Smart speakers are the current success story of the smart home. At least in the West, much of this has been driven by the success of the Amazon Echo devices. Based on Ovum's survey data, only two years since the launch of Amazon's first speaker, the device category has now entered the mass market in the US, with 21% of US respondents stating they have one in their homes (Figure 1). The figure represents a growth in penetration of 243% in 12 months. The share of respondents intending to buy a smart speaker in the next 12 months has also risen slightly in the US, from 13% to 19%. Other countries covered by Ovum's survey haven't seen quite the same growth rate, but penetration is still growing quickly, with the UK, for example, seeing a year-on-year rise of 170%, to reach 14% of respondents.
Figure 1. US, smart speaker ownership among survey respondents
Jun-17 and Jun-18
This rapid growth in a brand-new type of home device has had a significant impact on other smart-home players, with both positive and negative consequences. On the positive side, voice is a natural interface for many smart home applications, and bypassing the need for the consumer to always interact with mobile applications can help simplify the overall solution – which is important for greater adoption of smart-home devices. Smart speakers can also have a positive "ripple effect" as they introduce the mass-residential customer, probably for the first time, to basic home automation. Over time, this can stimulate customers to invest in more-sophisticated solutions.
However, smart speaker technology is still immature, and therefore there are also negative aspects that players need to be aware of and plan for:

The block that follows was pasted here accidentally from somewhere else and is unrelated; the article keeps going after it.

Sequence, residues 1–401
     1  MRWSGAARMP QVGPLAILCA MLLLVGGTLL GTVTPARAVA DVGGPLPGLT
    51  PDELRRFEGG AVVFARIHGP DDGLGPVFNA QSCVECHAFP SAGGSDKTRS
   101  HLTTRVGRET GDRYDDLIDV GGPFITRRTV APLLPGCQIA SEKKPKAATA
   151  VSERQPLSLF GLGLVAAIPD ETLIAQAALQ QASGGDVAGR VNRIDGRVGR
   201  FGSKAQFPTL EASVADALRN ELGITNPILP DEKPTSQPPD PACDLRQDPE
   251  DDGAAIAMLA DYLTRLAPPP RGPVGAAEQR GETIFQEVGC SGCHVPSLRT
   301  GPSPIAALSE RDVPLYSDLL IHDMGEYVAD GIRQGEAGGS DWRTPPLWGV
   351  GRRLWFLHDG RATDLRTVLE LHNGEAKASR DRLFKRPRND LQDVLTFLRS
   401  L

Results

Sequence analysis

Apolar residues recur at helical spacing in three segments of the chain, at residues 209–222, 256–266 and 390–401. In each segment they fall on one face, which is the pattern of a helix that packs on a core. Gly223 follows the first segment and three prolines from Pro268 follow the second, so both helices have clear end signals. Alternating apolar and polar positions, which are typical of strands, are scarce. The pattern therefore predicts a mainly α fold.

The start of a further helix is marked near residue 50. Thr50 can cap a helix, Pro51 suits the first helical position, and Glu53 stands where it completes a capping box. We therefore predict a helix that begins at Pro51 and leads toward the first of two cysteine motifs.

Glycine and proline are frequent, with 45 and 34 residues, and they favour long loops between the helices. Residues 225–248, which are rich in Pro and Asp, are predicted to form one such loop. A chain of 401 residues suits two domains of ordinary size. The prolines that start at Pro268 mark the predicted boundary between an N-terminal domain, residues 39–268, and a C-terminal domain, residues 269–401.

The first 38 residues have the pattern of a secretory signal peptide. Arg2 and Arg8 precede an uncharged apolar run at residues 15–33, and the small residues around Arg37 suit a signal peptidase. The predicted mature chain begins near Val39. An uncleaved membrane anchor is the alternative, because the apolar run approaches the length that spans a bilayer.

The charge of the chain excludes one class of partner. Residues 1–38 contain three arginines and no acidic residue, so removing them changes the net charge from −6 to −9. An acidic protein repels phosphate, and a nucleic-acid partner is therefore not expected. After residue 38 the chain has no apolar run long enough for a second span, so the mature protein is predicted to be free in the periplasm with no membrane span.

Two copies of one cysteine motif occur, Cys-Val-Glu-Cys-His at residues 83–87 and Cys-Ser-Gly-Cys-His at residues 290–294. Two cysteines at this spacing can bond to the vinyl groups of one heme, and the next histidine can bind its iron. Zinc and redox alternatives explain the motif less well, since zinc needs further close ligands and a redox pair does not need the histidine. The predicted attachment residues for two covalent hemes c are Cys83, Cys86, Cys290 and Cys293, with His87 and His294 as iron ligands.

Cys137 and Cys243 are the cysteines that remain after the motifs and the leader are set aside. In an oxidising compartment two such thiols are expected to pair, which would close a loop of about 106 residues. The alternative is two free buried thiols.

Integration between smart speakers and external devices is not yet the plug-and-play experience consumers expect.
Control of external devices through smart speakers is often more limited in terms of functionality than that which can be achieved through dedicated apps. This means that devices may be "dumbed down" in terms of functionality – a particular issue for vendors looking to market premium products with advanced features over cheaper, simpler competitive products.
Smart speakers don't always work perfectly. This fact, in contrast to the positive ripple effect mentioned earlier, can harm the user's perceived usefulness of the whole smart-home ecosystem – potentially putting them off further investment.
Voice will never be the sole way of interacting with smart-home devices. Ovum sees continued use of mobile apps as well as greater use of other interfaces in the future, such as movement and gesture control. However, there is no doubt that voice interfaces will become more important, with 43% of homes in a developed market such as the US expected to have a smart speaker installed by end-2022. It is clear, therefore, that smart-home vendors and service providers need to be aware of, and where possible design around, all aspects of smart speakers, both good and bad, when developing their portfolio strategy.
Straight Talk is a weekly briefing from the desk of the Chief Research Officer. To receive this newsletter by email, please contact us.